When I was in residency (before computers or Snapchat or memes! Yes, I am old!), we were encouraged to do A LOT of pelvic exams. I always felt sorry for the unfortunate woman who would show up at a teaching hospital with pelvic pain. She would first get a pelvic exam by a medical student, then an intern, then a chief resident and if something seemed really wrong, an attending physician. If she didn't have pelvic pain when she walked in, she sure would when she left. I am cringing as I write this.
We also did pelvic exams if a woman needed a refill of her birth control, or a routine STD check. Why??? There are important reasons that this is no longer necessary. Every woman should know these reasons.
* Pelvic exams were routine because it was all we had . . . 20 years ago. Western medicine is a like a large ship that is only able to turn very, very slowly. And a 180 degree turn takes decades. Pelvic ultrasounds are widely available and much more accurate, with some exceptions, than a hands-on pelvic exam 'bimanual' in doctor speak). If a woman has pelvic pain or abnormal bleeding, I usually will do a pelvic exam but I will also order an ultrasound. If she is someone who is morbidly obese or finds pelvic exams traumatic, I will sometimes skip the exam and go right to the ultrasound.
*The American College of OB-GYN (ACOG) has finally come around to recognizing this. Their guidelines specifically state: 'pelvic' examinations should be performed when indicated by medical history or symptoms. (Committee Opinion #754, October 2018, if you don't believe me.)
*We can now do most STD screening with a simple urine test. If a woman needs routine screening because of a new partner or peace of mind, she does not need a pelvic exam. Now if she is having unusual discharge or itching or pelvic pain, then she probably does need a pelvic.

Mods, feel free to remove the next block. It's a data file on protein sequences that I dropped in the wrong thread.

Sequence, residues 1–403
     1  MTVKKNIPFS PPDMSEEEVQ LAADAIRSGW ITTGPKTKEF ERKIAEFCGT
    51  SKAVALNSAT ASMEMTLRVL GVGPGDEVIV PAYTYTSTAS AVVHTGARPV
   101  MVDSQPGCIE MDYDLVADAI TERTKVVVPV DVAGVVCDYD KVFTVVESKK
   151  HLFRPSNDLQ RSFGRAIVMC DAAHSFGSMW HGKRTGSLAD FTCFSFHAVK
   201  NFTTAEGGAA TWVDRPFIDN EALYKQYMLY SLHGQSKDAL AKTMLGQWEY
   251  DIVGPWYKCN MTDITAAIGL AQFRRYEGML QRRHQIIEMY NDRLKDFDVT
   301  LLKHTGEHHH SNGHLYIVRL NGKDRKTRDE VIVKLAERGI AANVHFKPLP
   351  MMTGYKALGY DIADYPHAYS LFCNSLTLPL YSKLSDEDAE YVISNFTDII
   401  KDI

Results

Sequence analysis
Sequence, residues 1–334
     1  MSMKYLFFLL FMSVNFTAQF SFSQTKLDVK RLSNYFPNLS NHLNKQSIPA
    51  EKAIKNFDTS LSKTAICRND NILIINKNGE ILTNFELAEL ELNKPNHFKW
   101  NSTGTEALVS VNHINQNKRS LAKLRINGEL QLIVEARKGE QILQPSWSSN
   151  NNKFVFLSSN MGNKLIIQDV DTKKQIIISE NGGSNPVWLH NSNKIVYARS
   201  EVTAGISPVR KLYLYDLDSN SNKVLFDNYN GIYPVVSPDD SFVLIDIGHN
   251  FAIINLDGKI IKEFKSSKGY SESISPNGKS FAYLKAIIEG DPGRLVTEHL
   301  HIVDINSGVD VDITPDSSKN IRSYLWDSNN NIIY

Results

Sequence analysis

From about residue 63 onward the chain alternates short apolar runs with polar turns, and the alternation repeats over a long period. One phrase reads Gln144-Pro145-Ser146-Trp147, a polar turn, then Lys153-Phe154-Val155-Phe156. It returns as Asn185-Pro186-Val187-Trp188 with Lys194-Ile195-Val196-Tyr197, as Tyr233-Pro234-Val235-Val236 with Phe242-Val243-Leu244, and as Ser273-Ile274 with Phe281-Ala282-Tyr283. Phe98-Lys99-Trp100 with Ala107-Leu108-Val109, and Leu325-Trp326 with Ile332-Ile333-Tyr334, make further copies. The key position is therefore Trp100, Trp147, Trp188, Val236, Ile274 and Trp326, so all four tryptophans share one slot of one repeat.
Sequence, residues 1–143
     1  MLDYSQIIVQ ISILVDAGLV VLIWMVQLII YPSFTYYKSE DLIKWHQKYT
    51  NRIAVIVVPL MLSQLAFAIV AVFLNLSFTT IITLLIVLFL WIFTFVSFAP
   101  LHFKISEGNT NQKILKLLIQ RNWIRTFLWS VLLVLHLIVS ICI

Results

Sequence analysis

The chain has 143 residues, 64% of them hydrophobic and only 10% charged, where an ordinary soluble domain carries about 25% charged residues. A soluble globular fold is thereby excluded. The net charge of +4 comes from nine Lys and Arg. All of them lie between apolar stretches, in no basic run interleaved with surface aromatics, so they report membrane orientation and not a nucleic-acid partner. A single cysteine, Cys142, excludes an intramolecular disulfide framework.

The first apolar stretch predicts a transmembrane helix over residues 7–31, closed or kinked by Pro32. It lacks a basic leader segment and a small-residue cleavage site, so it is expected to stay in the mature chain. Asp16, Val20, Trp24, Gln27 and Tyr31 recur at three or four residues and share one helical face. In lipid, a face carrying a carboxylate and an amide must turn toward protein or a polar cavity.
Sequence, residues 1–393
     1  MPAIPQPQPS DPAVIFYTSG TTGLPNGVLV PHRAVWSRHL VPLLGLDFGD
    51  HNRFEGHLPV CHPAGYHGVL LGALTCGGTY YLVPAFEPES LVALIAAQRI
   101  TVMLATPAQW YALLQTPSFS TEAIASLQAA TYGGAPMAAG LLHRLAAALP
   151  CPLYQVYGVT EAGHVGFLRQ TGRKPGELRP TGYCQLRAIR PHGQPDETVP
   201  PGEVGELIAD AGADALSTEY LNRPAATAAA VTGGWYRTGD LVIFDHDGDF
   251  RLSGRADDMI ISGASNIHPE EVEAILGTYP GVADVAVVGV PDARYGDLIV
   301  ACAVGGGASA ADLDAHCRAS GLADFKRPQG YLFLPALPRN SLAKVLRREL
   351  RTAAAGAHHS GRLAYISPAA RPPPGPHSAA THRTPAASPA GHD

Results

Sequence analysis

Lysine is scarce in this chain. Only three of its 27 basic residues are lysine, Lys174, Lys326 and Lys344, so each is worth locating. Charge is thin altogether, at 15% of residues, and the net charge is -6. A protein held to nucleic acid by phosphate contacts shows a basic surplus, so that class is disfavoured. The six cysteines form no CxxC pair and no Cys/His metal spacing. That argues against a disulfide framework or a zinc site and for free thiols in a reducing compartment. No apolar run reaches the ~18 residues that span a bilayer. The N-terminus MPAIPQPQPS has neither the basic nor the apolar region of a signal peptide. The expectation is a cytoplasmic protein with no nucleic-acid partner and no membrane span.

*Pap smears and pelvic exams are NOT the same thing. Again, paps and pelvics are not the same. I want to type this twenty times, but I think you get my point. A pap smear is just a small part of the pelvic exam that screens for cervical cancer. This is now done every 3-5 years beginning at age 21, assuming the pap is normal.
WAIT, NO PELVIC EXAM? There is so much confusion and misinformation when it comes to pelvic exams: what they entail, what they can and cannot diagnose, and how often they are necessary. In this time of telemedicine, people are surprised to learn that yes, actually, I can do many visits remotely. When I was in residency (before computers or Snapchat or memes! Yes, I am old!), we were encouraged to do A LOT of pelvic exams. I always felt sorry for the unfortunate woman who would show up at a teaching hospital with pelvic pain. She would first get a...Quoted From: https://localhealthconnect.com/blog/wait-no-pelvic-exam.html
Today we're talking to Dr Cynthia McNally she is a board-certified OB/GYN and owner of Evergreen women's health right here in downtown Vancouver. Hi Cynthia . CM- Hi Jen how are you? LHC- ...Let's Make a Health Connection Podcast - Series #3 with Dr. Cynthia McNally, OB/GYN in Vancouver Washington
With so many birth control options available, it can be hard to know which option is right for you. At Evergreen Integrative Gynecology in Vancouver, Washington, board-certified gynecologist Cynthia McNally, MD, ...Family Planning And Counseling
Kendall Hagensen is a Somatic or Body-Oriented Therapist and trained in EMDR, which means that she uses our innate mind-body connection as a tool in counseling. If you are interested in ...3 things to remember when newly diagnosed with a medical illness